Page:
(CALMATTERS) – First there was a shortage of toilet paper, then coins, then chlorine, now — bacon?

California could lose almost all of its pork supply next year, when it starts enforcing a ballot measure voters approved in 2018 that requires more space for breeding pigs, egg-laying chickens and veal calves, the Associated Press reports. Only 4% of hog operations nationwide currently comply with the rules, putting California — whose restaurants and groceries use about 255 million pounds of pork per month but whose farms only produce 45 million pounds — in a tough spot. And it’s unclear if relief is on the way: A federal judge last week rejected a legal challenge from the meat industry, though a coalition of California restaurants and business groups have petitioned Newsom to put the new requirements on hold.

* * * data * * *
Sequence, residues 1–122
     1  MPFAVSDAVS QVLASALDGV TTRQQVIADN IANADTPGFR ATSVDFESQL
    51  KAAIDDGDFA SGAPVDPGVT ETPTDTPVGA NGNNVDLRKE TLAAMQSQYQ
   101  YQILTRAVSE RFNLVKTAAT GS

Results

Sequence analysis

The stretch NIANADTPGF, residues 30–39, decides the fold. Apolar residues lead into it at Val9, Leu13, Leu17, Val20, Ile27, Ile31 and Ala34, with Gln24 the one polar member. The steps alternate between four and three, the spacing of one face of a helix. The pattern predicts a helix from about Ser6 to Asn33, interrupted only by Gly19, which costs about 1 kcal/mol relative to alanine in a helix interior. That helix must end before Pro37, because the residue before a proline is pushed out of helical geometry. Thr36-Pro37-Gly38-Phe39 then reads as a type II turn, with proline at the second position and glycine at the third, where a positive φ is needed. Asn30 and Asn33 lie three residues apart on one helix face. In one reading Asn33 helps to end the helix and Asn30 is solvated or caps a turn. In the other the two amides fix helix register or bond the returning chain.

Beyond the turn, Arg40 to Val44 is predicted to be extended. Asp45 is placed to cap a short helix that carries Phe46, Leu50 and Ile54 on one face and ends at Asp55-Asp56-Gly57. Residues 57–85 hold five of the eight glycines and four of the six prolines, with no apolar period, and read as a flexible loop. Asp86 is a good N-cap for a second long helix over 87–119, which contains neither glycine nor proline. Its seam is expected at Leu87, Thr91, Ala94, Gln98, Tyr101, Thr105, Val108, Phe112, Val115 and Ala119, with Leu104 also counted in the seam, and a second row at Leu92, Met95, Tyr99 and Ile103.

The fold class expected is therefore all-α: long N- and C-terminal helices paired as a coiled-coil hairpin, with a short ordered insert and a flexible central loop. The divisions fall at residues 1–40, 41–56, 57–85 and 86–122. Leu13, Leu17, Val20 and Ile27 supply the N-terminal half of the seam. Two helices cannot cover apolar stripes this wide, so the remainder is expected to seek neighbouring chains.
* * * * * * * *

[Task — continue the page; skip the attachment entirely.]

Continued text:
Critics say they could cause bacon prices to jump 60% in California, pushing a $6 package to $9.60.

Our number one seller is bacon, eggs and hash browns. It could be devastating for us.

Jeannie Kim, who runs SAMS American Eatery in San Francisco

 Why are pork producers constantly trying to overturn laws relating to cruelty to animals?

Josh Balk of the Humane Society of the United States